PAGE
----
Wednesday 22 November 2023

North Korea successfully launches the Malligyong-1 reconnaissance satellite

image: KCNA


On 21 November 2023 at 13:42:28 UTC, according to the State News Agency KCNA, North Korea succesfully launched its new Malligyong-1 military reconnaissance satellite to orbit. The launch was from Sohae platform 2 using a (also new) Chollima-1 rocket. 

This was the third launch attempt. Two earlier attempts, on May 31 (see this blogpost) and August 23 (see this blogpost) failed to reach orbit due to malfunctions of respectively the second and third Chollima stages.

Yesterday's sucessful launch happened 1h 18m before the window from the published Navigational Warning HYDROPAC 3667/23 (see earlier blogpost here) opened, hence taking everybody by surprise.

KCNA reports that orbit insertion was at 13:54:13 UTC.

The US Military Space Tracking network CSpOC has published orbits for two objects resulting from this launch, confirming the North Korean claim of a successful orbit insertion

Object A (nr 58400, 2023-179A) is likely the payload, Malligyong-1, and is in a 97.43 degree inclined, 512 x 493 km sun-synchronous orbit

Object B (nr 58401, 2023-179B) is likely the Chollima-1 upper stage and is in a 97.41 degree inclined, 512 x 467 km orbit.

The orbit of the payload is a Sun-synchronous orbit with a repeating ground track. It results in daily transits over Pyongyang around 10:00 and 22:00 local time, with a ground track that repeats itself each five days. This is consistent with a function as an optical reconnaissance satellite.


I analysed the orbital trajectory in relation to the positions of the hazard zones from Navigational Warning HYDROPAC 3667/23. 

Earlier this year, in connection to the first launch attempt, there was a discussion whether: 

(1) a multiple dogleg was involved, or;

(2) a direct orbit insertion with post-separation restart and dogleg manoeuvering of the second stage, or;

(3) a dogleg manoeuvre of the second stage pre-separation with insertion into a 78-degree inclined non-SSO orbit.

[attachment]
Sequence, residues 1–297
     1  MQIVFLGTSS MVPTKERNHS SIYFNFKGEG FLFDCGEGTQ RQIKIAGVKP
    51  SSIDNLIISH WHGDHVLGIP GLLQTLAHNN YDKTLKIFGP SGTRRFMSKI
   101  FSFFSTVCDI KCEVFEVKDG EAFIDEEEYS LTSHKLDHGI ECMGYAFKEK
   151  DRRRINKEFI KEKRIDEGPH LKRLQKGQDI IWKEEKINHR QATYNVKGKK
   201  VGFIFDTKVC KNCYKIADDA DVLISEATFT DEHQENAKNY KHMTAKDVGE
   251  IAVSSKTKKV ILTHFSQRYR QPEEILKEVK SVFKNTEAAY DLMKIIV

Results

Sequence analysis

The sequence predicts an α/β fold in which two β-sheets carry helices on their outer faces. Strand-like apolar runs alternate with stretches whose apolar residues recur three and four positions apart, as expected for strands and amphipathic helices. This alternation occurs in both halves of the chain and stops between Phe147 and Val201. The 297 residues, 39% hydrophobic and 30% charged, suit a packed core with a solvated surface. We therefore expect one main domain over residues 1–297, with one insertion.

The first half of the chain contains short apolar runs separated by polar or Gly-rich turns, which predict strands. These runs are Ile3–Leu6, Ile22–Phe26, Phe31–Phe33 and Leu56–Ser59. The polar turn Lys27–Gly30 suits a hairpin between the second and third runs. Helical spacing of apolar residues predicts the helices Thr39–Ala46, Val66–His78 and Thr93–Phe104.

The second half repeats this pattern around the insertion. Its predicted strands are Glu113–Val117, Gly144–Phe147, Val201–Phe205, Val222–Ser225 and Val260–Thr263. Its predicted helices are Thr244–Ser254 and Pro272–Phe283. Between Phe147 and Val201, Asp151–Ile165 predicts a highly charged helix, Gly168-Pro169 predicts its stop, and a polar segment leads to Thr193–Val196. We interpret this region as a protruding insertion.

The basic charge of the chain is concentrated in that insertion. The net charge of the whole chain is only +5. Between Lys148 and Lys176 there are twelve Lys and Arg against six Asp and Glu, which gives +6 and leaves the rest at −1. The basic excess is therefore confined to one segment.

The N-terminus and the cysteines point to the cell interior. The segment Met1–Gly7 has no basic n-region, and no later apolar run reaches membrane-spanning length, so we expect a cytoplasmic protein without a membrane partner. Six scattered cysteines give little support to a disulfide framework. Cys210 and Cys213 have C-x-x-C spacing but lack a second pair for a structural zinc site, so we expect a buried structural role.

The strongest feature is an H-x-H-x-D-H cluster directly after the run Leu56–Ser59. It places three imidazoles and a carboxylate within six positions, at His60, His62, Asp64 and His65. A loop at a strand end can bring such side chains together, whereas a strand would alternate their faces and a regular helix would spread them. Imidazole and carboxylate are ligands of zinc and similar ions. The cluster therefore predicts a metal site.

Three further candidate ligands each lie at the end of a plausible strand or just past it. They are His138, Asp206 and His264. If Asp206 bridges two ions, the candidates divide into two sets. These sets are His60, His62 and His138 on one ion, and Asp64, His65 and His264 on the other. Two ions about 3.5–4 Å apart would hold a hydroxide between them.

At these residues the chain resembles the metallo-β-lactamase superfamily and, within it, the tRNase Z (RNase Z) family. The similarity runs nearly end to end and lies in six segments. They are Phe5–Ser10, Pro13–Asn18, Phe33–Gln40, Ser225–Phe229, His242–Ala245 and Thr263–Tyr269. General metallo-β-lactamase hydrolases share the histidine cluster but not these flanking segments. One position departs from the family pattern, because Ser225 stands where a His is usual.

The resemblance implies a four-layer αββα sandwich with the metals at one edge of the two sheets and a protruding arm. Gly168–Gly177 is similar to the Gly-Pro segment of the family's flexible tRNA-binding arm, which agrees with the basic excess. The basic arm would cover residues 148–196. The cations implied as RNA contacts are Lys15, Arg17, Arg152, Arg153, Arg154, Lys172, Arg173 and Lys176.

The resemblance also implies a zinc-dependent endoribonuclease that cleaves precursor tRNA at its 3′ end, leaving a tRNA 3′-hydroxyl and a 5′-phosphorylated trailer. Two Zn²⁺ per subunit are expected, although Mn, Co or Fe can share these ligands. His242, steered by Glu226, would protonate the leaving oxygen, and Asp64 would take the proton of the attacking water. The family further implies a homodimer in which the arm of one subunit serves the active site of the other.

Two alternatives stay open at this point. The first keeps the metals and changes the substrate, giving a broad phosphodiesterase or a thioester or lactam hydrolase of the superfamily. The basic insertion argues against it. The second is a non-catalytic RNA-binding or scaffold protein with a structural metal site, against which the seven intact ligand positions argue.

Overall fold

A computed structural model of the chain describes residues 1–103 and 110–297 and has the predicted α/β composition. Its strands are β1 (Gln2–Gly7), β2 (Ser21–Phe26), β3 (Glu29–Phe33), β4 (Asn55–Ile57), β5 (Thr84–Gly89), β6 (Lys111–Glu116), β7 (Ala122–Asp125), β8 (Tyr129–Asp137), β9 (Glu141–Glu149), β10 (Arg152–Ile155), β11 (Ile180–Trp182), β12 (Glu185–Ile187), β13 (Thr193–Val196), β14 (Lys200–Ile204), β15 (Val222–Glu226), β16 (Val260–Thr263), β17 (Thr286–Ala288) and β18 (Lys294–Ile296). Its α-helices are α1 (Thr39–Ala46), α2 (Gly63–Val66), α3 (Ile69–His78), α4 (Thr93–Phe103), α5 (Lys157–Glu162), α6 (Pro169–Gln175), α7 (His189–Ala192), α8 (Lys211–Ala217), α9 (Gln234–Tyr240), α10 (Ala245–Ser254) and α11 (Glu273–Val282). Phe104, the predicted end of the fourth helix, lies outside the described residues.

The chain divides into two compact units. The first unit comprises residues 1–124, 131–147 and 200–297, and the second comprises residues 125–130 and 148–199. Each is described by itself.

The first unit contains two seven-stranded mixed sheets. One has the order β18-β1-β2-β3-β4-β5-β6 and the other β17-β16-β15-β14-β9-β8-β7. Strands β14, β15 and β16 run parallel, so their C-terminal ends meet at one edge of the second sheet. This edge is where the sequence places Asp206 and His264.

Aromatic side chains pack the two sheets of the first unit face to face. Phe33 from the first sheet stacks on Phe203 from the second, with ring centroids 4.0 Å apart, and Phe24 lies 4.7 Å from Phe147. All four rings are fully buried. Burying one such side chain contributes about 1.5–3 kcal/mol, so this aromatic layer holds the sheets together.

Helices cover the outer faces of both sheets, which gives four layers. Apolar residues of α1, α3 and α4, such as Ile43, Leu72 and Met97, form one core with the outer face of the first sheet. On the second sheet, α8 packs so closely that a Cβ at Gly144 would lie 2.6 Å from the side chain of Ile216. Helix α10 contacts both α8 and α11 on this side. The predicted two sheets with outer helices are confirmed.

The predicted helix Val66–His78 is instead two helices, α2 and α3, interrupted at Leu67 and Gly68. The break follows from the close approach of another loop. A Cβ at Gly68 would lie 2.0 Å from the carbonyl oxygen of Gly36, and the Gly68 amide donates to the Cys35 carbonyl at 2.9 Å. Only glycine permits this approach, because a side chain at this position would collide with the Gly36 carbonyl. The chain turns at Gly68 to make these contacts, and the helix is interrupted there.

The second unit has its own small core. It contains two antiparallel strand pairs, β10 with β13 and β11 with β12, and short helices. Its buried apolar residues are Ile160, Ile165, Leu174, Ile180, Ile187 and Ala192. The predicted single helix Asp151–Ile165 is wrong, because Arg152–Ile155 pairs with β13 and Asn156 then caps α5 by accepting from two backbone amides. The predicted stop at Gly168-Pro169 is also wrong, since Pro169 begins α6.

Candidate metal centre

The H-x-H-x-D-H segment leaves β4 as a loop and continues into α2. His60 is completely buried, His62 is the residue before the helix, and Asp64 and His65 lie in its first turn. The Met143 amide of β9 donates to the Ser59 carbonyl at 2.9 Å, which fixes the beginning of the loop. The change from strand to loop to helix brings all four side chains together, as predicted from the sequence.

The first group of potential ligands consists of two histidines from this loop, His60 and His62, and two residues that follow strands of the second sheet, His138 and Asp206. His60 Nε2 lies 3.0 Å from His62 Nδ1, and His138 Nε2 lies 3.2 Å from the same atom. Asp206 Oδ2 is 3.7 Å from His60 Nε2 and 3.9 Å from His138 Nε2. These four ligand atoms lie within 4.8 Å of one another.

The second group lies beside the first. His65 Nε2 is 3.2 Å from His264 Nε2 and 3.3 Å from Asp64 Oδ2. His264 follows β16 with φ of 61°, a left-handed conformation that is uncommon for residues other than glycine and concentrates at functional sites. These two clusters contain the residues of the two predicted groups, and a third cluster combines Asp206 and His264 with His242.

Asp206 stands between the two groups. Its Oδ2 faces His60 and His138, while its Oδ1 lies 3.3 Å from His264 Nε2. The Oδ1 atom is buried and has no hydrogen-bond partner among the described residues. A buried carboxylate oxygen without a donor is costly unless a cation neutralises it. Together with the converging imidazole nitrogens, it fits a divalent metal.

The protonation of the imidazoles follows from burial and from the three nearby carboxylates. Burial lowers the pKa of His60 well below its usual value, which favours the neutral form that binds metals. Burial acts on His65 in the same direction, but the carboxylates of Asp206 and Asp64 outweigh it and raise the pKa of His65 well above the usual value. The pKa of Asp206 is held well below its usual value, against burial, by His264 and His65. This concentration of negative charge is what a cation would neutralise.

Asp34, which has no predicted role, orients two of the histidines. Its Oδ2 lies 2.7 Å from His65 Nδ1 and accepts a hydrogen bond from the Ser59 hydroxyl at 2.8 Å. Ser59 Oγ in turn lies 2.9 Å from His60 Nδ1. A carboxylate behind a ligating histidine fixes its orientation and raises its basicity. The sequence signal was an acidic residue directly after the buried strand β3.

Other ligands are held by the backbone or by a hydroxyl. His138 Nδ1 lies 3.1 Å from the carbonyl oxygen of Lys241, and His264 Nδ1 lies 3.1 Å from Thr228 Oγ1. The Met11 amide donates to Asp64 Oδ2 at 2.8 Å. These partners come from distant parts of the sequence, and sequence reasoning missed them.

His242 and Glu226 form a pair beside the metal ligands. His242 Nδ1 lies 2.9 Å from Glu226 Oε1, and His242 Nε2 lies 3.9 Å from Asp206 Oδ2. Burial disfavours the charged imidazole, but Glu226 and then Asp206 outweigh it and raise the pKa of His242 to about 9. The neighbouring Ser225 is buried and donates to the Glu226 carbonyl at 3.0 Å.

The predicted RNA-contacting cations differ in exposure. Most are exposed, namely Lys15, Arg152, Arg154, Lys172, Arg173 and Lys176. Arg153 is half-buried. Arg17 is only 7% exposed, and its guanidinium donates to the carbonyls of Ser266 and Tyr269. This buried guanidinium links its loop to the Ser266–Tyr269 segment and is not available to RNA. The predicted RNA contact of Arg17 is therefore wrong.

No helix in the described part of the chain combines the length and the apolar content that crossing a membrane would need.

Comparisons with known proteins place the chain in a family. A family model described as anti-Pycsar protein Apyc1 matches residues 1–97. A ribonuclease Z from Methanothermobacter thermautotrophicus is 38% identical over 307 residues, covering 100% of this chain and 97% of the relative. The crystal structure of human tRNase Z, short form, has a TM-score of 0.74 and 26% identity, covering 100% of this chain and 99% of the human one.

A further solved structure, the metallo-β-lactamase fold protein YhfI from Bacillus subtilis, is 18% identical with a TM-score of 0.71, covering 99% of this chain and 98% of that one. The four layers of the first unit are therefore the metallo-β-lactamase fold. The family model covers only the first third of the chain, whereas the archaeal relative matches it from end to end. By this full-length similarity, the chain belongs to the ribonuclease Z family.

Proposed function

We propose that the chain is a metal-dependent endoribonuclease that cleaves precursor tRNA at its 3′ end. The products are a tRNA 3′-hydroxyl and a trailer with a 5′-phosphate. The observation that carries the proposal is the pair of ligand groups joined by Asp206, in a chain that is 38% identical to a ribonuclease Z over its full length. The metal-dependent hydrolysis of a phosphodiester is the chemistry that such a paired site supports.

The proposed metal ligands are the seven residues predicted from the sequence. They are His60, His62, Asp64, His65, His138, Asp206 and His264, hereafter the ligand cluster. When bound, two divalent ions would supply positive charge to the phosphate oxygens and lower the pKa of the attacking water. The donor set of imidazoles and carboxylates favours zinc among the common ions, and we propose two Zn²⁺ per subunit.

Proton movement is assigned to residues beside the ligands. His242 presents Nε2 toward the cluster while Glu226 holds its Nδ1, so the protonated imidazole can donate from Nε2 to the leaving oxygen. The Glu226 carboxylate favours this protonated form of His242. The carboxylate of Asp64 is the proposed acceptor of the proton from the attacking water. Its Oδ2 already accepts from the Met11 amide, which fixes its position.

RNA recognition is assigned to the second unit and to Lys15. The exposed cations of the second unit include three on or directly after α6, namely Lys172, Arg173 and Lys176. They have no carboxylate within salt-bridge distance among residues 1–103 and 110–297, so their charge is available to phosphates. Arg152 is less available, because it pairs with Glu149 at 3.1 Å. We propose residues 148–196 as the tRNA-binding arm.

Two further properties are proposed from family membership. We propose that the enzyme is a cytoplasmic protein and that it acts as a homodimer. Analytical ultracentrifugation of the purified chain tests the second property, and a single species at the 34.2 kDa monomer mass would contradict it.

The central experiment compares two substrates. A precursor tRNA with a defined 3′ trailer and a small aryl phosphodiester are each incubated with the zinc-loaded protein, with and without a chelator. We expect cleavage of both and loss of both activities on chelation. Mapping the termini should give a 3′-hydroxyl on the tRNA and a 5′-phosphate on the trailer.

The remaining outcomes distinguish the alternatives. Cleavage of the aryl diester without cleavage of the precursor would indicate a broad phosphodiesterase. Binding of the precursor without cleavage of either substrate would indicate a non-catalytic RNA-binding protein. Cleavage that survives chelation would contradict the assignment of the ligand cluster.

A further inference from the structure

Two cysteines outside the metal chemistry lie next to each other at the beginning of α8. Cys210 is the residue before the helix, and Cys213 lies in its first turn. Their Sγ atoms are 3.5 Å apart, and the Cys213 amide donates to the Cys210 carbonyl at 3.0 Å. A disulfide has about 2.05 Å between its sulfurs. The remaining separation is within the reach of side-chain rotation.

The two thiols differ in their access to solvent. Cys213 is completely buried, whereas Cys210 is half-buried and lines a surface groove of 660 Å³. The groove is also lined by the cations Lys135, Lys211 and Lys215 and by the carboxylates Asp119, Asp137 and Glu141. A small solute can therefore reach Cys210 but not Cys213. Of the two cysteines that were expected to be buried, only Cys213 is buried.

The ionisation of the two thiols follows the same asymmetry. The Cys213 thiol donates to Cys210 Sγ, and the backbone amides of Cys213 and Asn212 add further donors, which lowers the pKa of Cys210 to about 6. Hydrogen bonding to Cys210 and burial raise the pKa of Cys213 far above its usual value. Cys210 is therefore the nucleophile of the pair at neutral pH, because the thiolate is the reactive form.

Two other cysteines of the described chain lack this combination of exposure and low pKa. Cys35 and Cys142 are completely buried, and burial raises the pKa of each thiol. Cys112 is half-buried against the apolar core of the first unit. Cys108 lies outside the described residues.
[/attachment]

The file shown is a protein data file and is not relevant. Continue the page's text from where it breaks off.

The reason for the discussion, was that the splashdown area for stage 2 east of the Philippines, was out of line with the splashdown areas for stage one and the fairings. The direction marked by the splashdown areas for the first stage and fairings would actually match a direct SSO insertion. A detailed discussion of the issue is in this previous blogpost on the May launch attempt.

We now have an answer, based on the position of the orbit at orbit insertion: a double dogleg by both the second and third stages was involved, as illustrated below:

click map to enlarge

After separation from the first stage, stage two made a dogleg eastward. After separation from the second stage, stage three then made another dogleg westward, and next brought the payload to the orbit insertion point, the stage itself also attaining orbit in that process (where it is now space debris).

(note: the manoeuvers were likely a bit less 'sharp' than in the illustration above)

The resulting orbit is basically what would have been achieved with a direct insertion along the original launch azimuth, but with the RAAN shifted by 4.2 degrees. The double dog-leg was probably chosen to avoid the second stage falling too close to the Philippines or (in case it underperformed) on China or Taiwan.

[update] Some interesting footage has appeared on the internet from a South Korean all-sky meteor camera operated by Yonsei University. It shows the first and second stage, with the first stage blowing up after separation of the second stage. This could well have been deliberate (to avoid intact hardware recovery by South Korea: or because of range safety), but can also have been accidental (see for example how the Starship stage 1 accidentally blew up just a few days earlier). [end]

Here are a few photo's of the launch, from the North Korean State News Agency KCNA:

"Thar She Goes! No Kablooih this time!"

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